Despite supposed advances, radical prostatectomy is still causing significant erectile dysfunction and urinary problems in up to half of all patients, say US researchers.
The study team from the Fred Hutchinson Cancer Research Centre, in Seattle, Washington, looked at 1291 men diagnosed with primary prostate cancer. The men all underwent radical prostatectomy within six months of diagnosis.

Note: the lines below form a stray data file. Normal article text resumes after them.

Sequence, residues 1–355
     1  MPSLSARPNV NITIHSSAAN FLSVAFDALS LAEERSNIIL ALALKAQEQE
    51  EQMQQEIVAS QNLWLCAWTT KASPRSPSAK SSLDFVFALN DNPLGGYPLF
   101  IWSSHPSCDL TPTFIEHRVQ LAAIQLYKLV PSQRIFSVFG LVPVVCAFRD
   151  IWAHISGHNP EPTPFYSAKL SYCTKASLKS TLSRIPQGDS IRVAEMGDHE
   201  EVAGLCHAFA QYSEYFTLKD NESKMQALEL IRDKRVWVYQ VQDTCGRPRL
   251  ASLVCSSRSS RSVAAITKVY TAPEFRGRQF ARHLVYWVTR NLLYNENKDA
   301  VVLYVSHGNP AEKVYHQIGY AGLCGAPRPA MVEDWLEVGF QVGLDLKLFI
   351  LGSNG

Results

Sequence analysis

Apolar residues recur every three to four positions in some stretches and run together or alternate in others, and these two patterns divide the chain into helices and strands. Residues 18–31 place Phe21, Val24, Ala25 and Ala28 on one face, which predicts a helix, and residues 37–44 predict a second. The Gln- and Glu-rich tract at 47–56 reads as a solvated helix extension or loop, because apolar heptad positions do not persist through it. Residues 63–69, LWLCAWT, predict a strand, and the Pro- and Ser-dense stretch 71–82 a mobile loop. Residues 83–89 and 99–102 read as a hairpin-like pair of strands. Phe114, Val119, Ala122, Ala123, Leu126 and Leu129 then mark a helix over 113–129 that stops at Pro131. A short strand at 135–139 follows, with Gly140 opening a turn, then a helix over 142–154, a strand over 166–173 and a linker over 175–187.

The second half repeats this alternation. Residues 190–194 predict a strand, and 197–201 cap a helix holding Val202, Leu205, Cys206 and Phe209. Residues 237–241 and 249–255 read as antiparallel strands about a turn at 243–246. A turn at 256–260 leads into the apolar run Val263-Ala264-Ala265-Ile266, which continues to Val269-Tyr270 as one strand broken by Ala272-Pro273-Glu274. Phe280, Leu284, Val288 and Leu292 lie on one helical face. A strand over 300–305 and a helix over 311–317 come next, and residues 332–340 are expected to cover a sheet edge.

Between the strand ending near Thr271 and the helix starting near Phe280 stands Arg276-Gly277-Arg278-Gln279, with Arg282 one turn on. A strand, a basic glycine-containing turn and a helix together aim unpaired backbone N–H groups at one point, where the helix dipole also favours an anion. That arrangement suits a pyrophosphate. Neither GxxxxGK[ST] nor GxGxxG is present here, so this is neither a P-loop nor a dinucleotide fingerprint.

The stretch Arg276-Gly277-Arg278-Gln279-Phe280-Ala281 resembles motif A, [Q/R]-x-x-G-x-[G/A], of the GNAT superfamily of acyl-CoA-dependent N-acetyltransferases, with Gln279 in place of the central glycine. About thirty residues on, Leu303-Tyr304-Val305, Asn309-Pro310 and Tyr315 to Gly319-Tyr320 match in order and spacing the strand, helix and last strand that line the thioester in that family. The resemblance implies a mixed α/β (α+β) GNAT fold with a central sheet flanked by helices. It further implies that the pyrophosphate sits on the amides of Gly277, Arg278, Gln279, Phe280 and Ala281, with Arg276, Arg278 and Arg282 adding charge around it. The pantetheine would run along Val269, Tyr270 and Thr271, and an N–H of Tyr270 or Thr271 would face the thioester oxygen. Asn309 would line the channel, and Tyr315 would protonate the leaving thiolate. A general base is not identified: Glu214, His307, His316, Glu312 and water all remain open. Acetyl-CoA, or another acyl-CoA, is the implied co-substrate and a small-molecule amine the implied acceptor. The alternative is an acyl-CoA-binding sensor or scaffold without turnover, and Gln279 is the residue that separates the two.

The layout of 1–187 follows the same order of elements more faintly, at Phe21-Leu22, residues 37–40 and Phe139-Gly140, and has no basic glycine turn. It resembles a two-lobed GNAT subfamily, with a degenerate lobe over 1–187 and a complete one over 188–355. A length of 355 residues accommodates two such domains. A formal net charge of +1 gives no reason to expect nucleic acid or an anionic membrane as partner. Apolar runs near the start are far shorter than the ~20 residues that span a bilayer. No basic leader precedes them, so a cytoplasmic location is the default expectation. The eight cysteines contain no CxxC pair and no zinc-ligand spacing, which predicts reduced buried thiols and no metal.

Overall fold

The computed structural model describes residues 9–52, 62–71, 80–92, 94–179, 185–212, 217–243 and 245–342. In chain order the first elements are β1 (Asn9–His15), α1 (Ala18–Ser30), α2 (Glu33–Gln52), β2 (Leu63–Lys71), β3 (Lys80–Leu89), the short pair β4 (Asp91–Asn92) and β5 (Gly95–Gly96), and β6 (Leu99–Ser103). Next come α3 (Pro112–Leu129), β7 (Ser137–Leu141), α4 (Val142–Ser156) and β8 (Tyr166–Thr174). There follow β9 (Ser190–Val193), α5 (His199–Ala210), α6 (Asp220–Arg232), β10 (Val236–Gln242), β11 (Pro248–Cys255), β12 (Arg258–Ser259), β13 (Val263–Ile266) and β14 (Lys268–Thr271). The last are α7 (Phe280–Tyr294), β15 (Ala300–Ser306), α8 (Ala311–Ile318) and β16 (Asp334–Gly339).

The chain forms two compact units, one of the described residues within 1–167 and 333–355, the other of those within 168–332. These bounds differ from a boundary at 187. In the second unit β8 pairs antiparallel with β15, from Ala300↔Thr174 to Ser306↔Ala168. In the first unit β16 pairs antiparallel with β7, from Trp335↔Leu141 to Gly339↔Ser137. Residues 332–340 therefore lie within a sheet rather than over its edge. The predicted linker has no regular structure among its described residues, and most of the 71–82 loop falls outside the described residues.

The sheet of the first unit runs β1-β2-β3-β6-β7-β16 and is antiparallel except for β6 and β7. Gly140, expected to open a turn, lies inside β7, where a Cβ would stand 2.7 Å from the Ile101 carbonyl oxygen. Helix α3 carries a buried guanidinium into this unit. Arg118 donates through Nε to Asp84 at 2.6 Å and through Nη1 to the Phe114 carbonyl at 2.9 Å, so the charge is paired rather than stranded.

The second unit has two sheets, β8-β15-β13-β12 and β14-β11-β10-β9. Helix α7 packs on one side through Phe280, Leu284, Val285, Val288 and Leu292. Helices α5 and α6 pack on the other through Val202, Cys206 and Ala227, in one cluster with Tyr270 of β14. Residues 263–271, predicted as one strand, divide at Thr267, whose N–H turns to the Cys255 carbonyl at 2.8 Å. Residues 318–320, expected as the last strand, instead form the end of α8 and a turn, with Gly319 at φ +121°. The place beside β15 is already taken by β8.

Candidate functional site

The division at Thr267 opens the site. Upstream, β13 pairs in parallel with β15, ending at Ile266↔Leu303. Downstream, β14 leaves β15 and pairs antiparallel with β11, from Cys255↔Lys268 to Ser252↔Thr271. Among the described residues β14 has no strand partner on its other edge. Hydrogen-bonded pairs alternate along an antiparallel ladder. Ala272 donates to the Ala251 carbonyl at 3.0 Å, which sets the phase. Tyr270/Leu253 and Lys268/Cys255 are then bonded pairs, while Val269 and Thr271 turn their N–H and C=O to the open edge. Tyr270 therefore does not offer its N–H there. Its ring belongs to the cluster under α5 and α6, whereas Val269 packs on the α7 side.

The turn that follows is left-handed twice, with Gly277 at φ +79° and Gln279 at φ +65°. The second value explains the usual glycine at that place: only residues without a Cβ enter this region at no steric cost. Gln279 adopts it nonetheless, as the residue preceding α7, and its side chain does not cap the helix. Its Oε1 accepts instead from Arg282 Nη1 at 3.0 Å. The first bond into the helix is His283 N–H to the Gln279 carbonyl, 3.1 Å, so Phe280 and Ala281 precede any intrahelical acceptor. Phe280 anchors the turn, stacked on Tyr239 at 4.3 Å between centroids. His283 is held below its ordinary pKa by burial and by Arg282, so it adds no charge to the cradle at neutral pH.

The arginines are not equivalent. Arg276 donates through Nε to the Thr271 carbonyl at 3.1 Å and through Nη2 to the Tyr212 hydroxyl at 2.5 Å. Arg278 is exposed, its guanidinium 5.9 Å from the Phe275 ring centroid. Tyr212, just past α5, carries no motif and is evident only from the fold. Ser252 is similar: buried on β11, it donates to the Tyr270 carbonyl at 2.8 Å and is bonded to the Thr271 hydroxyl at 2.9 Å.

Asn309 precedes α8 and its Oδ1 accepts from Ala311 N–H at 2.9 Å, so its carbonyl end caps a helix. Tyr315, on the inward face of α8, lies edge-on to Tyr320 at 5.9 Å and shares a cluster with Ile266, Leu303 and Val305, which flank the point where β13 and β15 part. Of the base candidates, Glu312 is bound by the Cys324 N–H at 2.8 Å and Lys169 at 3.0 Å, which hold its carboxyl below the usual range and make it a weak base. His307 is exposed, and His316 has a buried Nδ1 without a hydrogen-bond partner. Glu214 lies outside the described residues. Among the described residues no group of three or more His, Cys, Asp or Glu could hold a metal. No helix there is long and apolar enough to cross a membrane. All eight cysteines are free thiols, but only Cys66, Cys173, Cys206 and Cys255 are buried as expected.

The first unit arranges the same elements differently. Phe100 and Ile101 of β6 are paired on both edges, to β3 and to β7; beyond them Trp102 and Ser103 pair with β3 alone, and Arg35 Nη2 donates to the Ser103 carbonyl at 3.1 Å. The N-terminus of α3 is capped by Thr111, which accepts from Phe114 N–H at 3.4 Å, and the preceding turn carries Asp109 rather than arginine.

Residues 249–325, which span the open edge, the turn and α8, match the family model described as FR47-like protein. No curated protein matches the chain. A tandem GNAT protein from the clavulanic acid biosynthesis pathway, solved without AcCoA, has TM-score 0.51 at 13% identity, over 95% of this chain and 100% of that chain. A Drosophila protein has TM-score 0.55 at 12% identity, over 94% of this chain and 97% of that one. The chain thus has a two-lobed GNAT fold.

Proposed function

After 18 months of follow up, 8.4 per cent of the men were incontinent and 59.9 per cent were impotent. Men in the 60 plus age group were less likely to experience impotence than those aged less than 60 (15.3-21.7 per cent versus 39 per cent), but more likely to experience incontinence (13.9 per cent versus 0.7-3.6 per cent) than younger men. The researchers suggest that not enough men are told of these distressing side effects. Because of this, they are less able to make informed choices about alternatives (JAMA, 2000; 283: 354-60).